August 2018

tax tips & finance e-newsletter

In this issue

Making Tax Digital for VAT Guidance Issued
Rules for “Rent a Room” Relief to be tightened up from 6 April 2019
CGT on Property Sales due within 30 days from 2020
Ask Alexa to contact HMRC for Help
Augmented Reality Tech
Innovation - One Step at a Time
Exam Success

Making Tax Digital for VAT Guidance Issued

HMRC have now issued their detailed guidance on the digital record keeping and return requirements for Making Tax Digital (MTD) for VAT.

VAT Notice 700/22 clarifies that spreadsheets may still be used to keep business records provided that there is bridging software that links to the Government gateway.

There will however be a one year “grace” period during the first year of MTD when businesses will not be required to have digital links between software programs, referred to in the VAT Notice as a “soft landing”.

The VAT notice includes a number of helpful examples illustrating different accounting systems and the digital links required to comply with MTD for VAT.

The VAT notice is essential reading for all VAT registered businesses.

When does MTD for VAT start? 

The Making Tax Digital rules apply from your first VAT period starting on or after 1 April 2019. A ‘VAT period’ is the inclusive dates covered by your VAT Return.

For example, where a business submits quarterly returns covering the periods to 28 February, 31 May, 31 August and 30 November, the business will need to comply with Making Tax Digital rules for the VAT quarter starting 1 June 2019 and ending on 31 August.


'Soft Landing' for MTD for VAT for the First Year 

For the first year of MTD for VAT (VAT periods commencing between 1 April 2019 and 31 March 2020) businesses will not be required to have digital links between software programs. The one exception to this is where data is transferred, following preparation of the information required for the VAT Return, to another product (for example, a bridging product) that is Application Programme Interface (API) - enabled solely for the purpose of submitting the 9 Box VAT Return data to HMRC. The transfer of data to this product must be digital.

For the first year of MTD for VAT (VAT periods commencing between 1 April 2019 and 31 March 2020), where a digital link has not been established between software programs, HMRC will accept the use of cut and paste as being a digital link for these VAT periods.

However, for VAT periods starting on or after 1 April 2020, there must be a digital link for any transfer or exchange of data between software programs, products or applications used as functional compatible software.

Use of Spreadsheets in preparing VAT Returns

Example 3 in the VAT Notice describes a business that uses a spreadsheet and bridging software from April 2019, which allows the information to be transferred to HMRC via an API. It uses a spreadsheet to record all sales, purchases, and expenses in a digital format. The VAT Return is then prepared within the spreadsheet, using formulae already written into the spreadsheet.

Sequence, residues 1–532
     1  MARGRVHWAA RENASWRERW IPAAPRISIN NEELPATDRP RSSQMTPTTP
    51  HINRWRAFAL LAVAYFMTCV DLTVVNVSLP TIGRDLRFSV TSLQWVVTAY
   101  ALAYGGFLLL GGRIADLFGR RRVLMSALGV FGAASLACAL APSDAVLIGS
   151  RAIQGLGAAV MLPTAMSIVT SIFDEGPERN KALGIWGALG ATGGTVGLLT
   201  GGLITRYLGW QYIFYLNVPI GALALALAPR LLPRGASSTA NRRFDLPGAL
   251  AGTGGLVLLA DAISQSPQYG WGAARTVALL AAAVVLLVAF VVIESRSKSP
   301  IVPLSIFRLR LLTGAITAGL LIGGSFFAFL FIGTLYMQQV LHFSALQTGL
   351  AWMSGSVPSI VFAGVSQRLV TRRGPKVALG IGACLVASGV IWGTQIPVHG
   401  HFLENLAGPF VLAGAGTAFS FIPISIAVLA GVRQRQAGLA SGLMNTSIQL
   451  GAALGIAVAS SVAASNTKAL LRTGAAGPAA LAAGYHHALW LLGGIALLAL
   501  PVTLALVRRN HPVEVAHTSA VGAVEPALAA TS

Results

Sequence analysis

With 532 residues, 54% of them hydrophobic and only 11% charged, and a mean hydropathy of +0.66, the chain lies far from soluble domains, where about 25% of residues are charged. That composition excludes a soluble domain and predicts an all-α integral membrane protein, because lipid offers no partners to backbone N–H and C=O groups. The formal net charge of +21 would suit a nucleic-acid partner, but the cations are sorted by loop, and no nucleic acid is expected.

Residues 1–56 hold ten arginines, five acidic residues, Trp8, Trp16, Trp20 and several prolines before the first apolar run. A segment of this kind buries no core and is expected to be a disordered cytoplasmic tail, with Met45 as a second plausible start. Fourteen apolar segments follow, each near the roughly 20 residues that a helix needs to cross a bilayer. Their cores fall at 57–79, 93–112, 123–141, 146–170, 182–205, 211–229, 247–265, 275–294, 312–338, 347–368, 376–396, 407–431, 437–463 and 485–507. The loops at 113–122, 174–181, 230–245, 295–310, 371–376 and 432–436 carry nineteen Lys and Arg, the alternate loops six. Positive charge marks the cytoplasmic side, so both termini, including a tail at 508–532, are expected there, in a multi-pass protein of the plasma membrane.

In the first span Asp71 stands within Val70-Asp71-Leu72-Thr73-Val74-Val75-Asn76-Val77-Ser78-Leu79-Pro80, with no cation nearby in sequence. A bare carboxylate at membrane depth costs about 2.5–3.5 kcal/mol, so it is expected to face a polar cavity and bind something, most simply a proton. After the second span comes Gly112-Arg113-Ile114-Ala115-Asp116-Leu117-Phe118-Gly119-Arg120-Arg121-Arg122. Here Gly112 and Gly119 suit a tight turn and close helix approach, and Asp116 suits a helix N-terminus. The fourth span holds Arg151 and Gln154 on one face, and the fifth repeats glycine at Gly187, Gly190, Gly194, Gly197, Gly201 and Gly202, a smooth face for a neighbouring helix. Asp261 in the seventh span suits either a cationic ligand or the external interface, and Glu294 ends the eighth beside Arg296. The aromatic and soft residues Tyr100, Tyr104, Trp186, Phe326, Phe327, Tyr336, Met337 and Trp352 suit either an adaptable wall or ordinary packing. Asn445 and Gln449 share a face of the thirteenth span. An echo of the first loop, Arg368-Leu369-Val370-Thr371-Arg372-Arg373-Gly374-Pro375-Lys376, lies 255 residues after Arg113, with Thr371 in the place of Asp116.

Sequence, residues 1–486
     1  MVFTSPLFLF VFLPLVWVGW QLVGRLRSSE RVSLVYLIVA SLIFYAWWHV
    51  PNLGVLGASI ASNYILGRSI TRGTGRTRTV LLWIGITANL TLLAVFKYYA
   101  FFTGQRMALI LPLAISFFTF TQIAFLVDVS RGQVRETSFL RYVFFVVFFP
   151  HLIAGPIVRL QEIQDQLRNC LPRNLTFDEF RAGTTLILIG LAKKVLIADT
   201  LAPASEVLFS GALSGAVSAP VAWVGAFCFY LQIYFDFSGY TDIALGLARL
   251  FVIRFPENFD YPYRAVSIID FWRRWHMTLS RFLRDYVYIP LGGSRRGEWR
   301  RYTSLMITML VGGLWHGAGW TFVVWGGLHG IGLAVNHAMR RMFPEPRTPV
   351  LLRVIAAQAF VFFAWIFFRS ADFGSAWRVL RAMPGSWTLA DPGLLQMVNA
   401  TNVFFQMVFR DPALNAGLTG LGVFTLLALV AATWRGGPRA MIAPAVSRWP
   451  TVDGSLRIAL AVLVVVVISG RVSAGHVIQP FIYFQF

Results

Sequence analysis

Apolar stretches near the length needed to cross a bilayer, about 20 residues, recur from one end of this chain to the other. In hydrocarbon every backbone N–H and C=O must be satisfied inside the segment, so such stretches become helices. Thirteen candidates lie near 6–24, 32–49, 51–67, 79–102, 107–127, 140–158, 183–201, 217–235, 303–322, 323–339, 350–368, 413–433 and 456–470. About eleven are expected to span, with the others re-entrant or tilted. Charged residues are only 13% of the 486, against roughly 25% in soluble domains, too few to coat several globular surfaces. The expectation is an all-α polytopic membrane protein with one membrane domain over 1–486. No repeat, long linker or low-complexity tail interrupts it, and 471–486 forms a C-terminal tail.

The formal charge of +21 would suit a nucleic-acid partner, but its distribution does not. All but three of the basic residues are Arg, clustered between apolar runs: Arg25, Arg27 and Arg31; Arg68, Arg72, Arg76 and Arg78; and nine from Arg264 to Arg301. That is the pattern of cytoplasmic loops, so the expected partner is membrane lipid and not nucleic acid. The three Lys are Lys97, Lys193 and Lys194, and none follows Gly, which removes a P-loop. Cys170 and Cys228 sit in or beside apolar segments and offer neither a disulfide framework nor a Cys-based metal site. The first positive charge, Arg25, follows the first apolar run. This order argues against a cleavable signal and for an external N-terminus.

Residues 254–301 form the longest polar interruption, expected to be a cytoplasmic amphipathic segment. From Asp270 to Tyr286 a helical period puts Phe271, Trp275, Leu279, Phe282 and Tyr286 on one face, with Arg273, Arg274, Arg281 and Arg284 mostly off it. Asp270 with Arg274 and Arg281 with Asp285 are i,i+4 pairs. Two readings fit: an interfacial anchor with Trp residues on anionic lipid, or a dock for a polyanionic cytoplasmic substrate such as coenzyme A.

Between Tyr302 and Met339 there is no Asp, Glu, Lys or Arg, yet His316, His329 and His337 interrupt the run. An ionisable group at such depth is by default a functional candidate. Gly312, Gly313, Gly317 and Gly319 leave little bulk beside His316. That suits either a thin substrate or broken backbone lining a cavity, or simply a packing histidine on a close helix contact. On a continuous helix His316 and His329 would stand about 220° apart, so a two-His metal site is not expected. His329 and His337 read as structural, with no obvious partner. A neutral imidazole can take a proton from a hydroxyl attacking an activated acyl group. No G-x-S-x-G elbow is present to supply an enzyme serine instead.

The VAT Return information is then sent via a mandatory digital link to bridging software, which digitally submits the information directly to HMRC. Example 6 shows how a spreadsheet would be acceptable in order to consolidate VAT information prior to submitting a Group VAT return.

Whilst spreadsheets will continue to be permissible it is unclear at this point how bridging software will work. In most cases our preferred system is Xero Bookkeeping Software

If you haven’t already done so, please contact us to help you get ready for this significant change in VAT accounting and reporting.

Rules for “Rent a Room” Relief to be tightened up from 6 April 2019

HMRC propose to restrict the availability of “rent a room” relief to situations where the taxpayer is living in the let property for at least some of the time that the accommodation is let.

Hence renting out a house during Wimbledon fortnight while the owners are absent would not qualify from 6 April 2019!

Rent-a-room relief was introduced in 1992 to encourage individuals to make spare capacity in their homes available for rent. The government intended this to increase the quantity and variety of low-cost rented accommodation, giving more choice to tenants and making it easier for people to move around the country for work.

Currently rent-a-room relief gives relief from income tax for up to £7,500 of gross rental income to individuals who let furnished accommodation in their only or main residence.

CGT on Property Sales due within 30 days from 2020

Draft legislation in the next Finance Bill will introduce significant changes to the reporting of residential property disposals and the payment of CGT from 6 April 2020.

Currently non-UK resident taxpayers disposing of UK residential property are required to report the disposal to HMRC within 30 days. The new legislation extends this reporting obligation to UK resident taxpayers and at the same time will introduce a new payment on account regime.